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Anita Hill in 1991 and Joe Biden in 2017. Photos: John Duricka and Patrick Semansky / AP

A new look at Anita Hill's 1991 testimony against now-Supreme Court justice Clarence Thomas puts a harsh spotlight on Joe Biden's handling of her allegations of sexual harassment. Biden was the chairman of the Senate Judiciary Committee at the time, and the Washington Post magazine reports that Hill believes Biden hasn't taken responsibility for how unfairly she was treated.

Why it matters: Here's what Hill told the Post: “[W]omen were looking to the Senate Judiciary Committee and his leadership to really open the way to have these kinds of hearings. They should have been using best practices to show leadership on this issue on behalf of women's equality. And they did just the opposite."

The bottom line: Biden apologized to Hill at a Glamour magazine event earlier this month, saying he was "so sorry" for what Hill went through. Hill said she still doesn't think his comment "takes ownership of his role in what happened," and said it was a qualified apology: "That's sort of an 'I'm sorry if you were offended.'“

Biden declined to be interviewed by The Washington Post and declined to comment on Hill's response.

On Biden's speedy process:

  • Then-Rep. Pat Schroeder indicated she wanted to slow down Thomas' confirmation process in light of the allegations. But Schroeder said Biden emphasized he wanted a fast process for the hearing.
  • When the lawmakers spoke with Biden about their concerns, Schroeder claims Biden said "that he had given his word" to Sen. Joe Danforth, Thomas' chief sponsor, "in the men's gym that this would be a very quick hearing," and "kind of pointed his finger and said, 'you don't understand how important one's word [is] in the Senate.'" Schroeder added "It was really, really ugly."

On Biden's lack of control:

  • Hill said Biden didn't control the hearing so that she could speak before Thomas did, as Biden had said would happen.
  • Instead, Hill was left with what non-voting Rep. Eleanor Holmes Norton called a "rebuttal before you hear the accusation," when Thomas went first. Hill called it a "preemptive strike."

On how the media covers sexual misconduct allegations:

  • Hill said the media "had a political angle" in 1991. "They were asking questions like, 'Who supported her? Who's behind her? What group is she associated with?' That was the way that they were telling the story." She cited the Republican senators and the White House "feeding" stories to the press.
  • "But then afterwards the media shifted to talking about sexual harassment in the workplace. And I think that was a segue into the year of the woman, because then that story started to be about women's experiences and how they were not being represented in Washington, D.C."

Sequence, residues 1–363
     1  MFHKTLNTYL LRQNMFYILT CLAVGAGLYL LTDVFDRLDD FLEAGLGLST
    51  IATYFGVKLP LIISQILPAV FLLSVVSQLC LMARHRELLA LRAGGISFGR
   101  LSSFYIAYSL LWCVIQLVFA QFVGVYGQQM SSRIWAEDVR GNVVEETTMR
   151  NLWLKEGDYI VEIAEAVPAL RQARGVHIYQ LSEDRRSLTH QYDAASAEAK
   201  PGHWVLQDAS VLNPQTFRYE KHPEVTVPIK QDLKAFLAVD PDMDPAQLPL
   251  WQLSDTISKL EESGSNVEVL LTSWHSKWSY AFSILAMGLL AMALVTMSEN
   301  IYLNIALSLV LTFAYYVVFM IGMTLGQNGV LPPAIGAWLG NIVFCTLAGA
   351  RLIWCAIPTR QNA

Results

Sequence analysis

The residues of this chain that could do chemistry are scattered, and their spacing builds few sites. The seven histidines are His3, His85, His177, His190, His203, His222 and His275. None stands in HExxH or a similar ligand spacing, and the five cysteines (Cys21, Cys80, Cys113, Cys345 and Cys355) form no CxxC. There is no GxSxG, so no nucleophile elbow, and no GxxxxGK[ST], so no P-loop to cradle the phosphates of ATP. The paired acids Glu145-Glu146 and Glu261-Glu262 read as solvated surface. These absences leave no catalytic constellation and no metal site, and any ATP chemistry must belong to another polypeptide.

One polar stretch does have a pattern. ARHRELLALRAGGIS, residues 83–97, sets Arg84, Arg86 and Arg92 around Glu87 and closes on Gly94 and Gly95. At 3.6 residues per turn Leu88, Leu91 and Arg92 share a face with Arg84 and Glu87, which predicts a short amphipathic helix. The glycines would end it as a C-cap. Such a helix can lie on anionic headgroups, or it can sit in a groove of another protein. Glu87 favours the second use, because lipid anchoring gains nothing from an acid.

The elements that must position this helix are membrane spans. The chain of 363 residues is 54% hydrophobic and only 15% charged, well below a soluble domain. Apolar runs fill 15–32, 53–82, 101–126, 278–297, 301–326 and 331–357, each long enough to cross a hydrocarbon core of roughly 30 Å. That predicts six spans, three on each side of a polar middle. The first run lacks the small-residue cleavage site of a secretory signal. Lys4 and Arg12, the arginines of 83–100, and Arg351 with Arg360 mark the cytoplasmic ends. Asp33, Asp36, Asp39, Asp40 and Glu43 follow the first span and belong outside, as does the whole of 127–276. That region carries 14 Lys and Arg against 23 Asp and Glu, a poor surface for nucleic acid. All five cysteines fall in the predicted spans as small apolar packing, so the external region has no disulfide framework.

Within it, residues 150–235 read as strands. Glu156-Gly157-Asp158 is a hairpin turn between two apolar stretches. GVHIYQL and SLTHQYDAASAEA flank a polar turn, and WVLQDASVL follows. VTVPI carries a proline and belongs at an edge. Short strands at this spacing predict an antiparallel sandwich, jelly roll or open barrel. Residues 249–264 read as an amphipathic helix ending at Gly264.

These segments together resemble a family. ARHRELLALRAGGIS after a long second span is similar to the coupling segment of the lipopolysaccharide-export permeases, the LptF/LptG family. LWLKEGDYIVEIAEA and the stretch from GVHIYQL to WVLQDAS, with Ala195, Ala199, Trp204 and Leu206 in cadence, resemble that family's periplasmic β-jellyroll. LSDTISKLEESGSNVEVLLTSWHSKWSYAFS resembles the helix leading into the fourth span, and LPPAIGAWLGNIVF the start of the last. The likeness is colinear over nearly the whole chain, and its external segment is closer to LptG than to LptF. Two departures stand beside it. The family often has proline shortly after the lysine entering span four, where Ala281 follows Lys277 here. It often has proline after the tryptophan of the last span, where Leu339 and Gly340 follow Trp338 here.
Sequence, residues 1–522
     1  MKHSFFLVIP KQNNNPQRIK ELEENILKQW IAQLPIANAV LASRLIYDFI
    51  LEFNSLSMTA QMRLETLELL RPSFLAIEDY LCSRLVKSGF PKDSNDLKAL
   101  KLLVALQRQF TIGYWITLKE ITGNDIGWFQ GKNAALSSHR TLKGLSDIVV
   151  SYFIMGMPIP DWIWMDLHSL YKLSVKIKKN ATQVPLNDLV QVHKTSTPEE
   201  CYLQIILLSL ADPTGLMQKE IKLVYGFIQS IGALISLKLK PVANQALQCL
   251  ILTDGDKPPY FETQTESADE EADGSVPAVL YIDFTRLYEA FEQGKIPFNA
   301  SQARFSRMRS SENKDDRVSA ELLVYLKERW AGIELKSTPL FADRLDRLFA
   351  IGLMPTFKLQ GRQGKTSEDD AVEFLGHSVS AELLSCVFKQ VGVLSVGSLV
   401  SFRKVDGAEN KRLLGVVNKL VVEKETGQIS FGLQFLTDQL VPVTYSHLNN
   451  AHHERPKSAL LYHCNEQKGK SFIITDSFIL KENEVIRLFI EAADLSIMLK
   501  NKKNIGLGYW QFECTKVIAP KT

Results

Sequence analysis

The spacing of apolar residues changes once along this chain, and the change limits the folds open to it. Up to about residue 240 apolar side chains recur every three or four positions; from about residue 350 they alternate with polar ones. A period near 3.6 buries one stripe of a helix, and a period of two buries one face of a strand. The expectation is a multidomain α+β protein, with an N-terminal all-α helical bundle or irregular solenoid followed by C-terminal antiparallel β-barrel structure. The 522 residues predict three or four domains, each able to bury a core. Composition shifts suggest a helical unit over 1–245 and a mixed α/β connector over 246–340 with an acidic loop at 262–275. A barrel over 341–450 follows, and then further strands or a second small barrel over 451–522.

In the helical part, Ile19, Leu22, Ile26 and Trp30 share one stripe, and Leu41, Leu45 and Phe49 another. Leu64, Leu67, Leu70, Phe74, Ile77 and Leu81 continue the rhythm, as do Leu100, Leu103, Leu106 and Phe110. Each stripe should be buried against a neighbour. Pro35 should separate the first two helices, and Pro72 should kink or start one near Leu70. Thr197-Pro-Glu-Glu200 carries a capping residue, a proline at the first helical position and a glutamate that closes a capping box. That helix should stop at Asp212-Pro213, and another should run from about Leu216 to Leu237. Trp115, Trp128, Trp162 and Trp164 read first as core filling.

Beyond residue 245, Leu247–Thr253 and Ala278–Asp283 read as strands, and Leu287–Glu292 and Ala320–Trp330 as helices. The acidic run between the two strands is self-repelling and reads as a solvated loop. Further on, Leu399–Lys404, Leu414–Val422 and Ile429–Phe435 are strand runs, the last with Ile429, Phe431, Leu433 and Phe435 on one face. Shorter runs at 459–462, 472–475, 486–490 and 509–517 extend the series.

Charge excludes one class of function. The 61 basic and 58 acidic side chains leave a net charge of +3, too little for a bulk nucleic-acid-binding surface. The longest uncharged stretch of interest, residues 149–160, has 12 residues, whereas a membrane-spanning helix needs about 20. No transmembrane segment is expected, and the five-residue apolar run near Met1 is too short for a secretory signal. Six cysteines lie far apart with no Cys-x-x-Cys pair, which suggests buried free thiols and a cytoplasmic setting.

The aftermath, per WashPost: "In 1992, 24 women were elected as new members to the House and four to the Senate, more than in any previous decade. Many cited anger over Hill's treatment during the Thomas hearings as a reason for running."

Go deeper

Schumer: Trump impeachment trial to start week of Feb. 8

Senate Majority Leader Chuck Schumer. Photo: The Washington Post via Getty

The Senate will begin former President Trump's impeachment trial the week of Feb. 8, Majority Leader Chuck Schumer announced Friday on the Senate floor.

Why it matters: Trump is the only president in U.S. history to be impeached twice. The House voted to impeach the former president on Jan. 13 on a single charge: incitement of insurrection for the Jan. 6 breach of the U.S. Capitol, which resulted in five deaths.

1 hour ago - Health

CDC extends interval between COVID vaccine doses for exceptional cases

Photo: Joseph Prezioso/AFP via Getty

Patients can space out the two doses of the coronavirus vaccine by up to six weeks if it’s "not feasible" to follow the shorter recommended window, according to updated guidance from the Centers for Disease and Control and Prevention.

Driving the news: With the prospect of vaccine shortages and a low likelihood that supply will expand before April, the latest changes could provide a path to vaccinate more Americans — a top priority for President Biden.

Texas AG sues Biden administration over deportation freeze

Texas Attorney General Ken Paxton speaks to members of the media in 2016. Photo: Alex Wong/Getty Images

Texas Attorney General Ken Paxton is suing the Biden administration in federal district court over its 100-day freeze on deporting unauthorized immigrants, and he's asking for a temporary restraining order.

Between the lines: The freeze went into effect Friday, temporarily halting most immigration enforcement in the U.S. In the lawsuit, Paxton claims the move "violates the U.S. Constitution, federal immigration and administrative law, and a contractual agreement between Texas" and the Department of Homeland Security.

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